and Rose Brick.
Members did have a
few pointed questions. Jim Ton, R-1st, said that he was under the impression
that at least part of the acreage was wetland, and that the 17 acres to
which LEL originally committed to donating must be active, not passive, park
replied by noting that former park superintendent Bruce Mathias had
expressed his interest in acquiring this particular parcel. “LEL is required
to give 17 acres,” she said. “This would be 27 acres.”
Darnell, D-4th, on the other hand, after confirming that there’s a vacant
house on the property as well as at least one out-building, indicated that
she would be altogether opposed to this donation unless LEL agreed to
demolish all structures and completely remove the spoils at its own expense.
Does the house have a foundation, a basement? Darnell asked.
“There’s a walk-out
basement,” LEL rep Keith Sharpe said.
“Well, that’s all
going to have to go,” Darnell insisted. “The park donation is a linchpin for
what you want to do with the replatting. We’ll graciously accept the land
from you, but you have to keep the buildings.”
“I wouldn’t be
supportive of this without the condition that all structures be removed,”
LEL attorney Kevin
Warren said that he understands the council’s position. “That’s one of the
details we’re working out.”
In the end members
voted unanimously to accept the park land donation, contingent on legal’s
review and approval of those details.
In other business,
Duneland Chamber of Commerce President Maura Durham appeared before the
council to apprise members of the Chamber’s tentative schedule for a pair of
The Taste of
Duneland is currently scheduled for Saturday, Sept. 5, Durham said, but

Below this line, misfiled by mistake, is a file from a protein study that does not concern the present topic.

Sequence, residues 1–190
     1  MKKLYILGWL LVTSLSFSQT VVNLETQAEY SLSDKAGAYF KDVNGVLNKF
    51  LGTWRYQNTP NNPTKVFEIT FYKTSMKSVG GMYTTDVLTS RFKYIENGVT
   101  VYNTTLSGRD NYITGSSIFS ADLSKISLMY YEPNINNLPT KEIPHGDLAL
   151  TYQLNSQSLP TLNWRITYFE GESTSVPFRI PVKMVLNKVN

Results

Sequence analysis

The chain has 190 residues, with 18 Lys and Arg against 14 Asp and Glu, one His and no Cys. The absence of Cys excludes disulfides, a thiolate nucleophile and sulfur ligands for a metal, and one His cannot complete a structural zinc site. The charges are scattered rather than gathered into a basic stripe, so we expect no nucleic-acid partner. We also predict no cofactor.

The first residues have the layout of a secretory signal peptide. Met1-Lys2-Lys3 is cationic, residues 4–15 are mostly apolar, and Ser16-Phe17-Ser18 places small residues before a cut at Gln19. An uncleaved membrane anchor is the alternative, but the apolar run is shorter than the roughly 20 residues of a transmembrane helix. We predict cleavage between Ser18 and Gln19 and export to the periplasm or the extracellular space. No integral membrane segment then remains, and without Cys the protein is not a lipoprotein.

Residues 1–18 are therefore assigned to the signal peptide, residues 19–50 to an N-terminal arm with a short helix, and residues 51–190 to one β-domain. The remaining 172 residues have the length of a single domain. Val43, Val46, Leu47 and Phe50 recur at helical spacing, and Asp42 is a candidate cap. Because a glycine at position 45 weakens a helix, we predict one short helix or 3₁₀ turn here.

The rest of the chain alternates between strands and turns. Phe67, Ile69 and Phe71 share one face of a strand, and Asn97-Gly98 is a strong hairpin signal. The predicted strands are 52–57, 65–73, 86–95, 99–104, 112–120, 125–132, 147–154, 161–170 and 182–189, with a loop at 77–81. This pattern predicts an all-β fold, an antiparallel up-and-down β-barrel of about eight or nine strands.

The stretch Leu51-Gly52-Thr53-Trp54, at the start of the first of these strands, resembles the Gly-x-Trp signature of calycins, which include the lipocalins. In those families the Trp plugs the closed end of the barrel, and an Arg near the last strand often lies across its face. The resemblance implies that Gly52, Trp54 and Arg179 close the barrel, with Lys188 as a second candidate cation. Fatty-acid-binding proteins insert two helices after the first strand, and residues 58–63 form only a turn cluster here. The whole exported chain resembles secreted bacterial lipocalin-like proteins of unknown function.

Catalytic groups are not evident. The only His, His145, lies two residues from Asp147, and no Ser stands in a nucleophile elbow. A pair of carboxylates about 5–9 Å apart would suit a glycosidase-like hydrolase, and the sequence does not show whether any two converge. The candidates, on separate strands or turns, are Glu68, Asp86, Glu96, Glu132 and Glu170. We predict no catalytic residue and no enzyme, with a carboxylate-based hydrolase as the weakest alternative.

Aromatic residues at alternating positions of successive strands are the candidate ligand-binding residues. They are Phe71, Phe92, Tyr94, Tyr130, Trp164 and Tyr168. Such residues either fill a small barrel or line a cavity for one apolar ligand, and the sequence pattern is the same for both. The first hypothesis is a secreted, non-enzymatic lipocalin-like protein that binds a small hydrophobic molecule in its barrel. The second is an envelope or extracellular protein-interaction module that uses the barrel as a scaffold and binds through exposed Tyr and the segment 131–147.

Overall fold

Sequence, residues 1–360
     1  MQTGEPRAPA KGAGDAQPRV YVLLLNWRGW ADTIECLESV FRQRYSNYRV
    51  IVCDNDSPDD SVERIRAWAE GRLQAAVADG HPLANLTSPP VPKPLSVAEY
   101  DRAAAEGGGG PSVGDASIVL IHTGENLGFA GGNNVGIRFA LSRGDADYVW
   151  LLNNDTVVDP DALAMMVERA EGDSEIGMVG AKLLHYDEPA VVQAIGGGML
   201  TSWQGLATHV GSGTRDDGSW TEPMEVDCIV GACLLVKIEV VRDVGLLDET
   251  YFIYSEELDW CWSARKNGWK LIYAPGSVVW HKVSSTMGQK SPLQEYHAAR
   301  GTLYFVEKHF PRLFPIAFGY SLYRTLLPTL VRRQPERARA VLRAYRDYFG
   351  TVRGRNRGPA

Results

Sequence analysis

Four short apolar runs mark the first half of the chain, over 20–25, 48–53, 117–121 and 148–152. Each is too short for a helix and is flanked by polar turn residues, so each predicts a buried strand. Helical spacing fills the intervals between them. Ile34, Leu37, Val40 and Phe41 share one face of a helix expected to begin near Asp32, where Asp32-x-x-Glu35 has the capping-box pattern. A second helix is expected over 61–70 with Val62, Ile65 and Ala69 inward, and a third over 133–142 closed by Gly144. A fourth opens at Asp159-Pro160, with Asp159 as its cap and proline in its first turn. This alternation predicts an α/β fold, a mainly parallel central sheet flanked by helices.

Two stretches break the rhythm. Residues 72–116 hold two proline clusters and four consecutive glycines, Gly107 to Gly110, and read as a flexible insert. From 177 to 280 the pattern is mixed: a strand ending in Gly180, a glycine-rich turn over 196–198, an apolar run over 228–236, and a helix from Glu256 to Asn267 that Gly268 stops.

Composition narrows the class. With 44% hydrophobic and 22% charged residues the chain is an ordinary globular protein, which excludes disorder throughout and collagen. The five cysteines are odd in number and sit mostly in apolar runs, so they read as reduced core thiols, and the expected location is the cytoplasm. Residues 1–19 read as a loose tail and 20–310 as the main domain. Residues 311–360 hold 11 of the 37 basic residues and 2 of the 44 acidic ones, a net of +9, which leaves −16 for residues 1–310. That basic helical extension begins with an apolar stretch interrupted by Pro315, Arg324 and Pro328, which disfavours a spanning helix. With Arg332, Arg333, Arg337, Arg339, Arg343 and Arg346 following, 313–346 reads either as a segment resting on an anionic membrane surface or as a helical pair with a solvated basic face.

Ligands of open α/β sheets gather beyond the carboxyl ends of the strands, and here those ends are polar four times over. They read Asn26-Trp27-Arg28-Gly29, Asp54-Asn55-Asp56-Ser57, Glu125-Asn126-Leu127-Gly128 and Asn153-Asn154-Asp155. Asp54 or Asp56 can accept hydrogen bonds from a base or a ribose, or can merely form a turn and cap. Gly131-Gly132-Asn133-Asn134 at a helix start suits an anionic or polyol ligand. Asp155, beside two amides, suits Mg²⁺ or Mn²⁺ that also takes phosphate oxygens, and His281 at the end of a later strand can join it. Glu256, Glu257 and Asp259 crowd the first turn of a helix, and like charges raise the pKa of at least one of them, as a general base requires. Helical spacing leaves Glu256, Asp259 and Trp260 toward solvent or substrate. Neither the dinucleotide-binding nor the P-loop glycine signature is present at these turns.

whether or not it’s actually held then, or at all this year, depends upon
the progress of the COVID-19 pandemic. Durham also noted that, given the
town’s official policy requiring mask-wearing and social-distancing at any
gathering of 25 or more people in a town park or on other municipal
property, the Taste of Duneland “obviously would have to be restructured and
Also: the Corkscrew
& Beer event, originally scheduled for March 14, then postponed to June 20,
then postponed again, is now once more on the schedule, for Saturday, Nov.
7. Again, whether the Chamber will be able to hold the festival at all
depends on the conditions on the ground, Durham said.
Thanks from Portage
Chief John Candiano took a moment at the end of the meeting to express his
gratitude to Chesterton Police Chief Dave Cincoski and his officers for
their much-needed assistance on two recent occasions. The first was at one
of the first large-scale demonstrations in Porter County following the death
of George Floyd in Minneapolis, Minn. The second was a disturbance at a
Portage skating rink. In neither case did the Portage PD have available
manpower to respond adequately, so Candiano called on neighboring
departments for help, and Cincoski was happy to be of assistance.
“I want to thank
the town, Chief Cincoski, and his officers for their support,” Candiano
Ton also took a
moment at the end of the meeting to make a personal plea to Dunelanders to
wear masks, as the COVID-19 pandemic continues to spread.
“Let’s not make
mask wearing a political statement,” Ton said. “Let’s make it a health
statement. Let’s make it about being well.”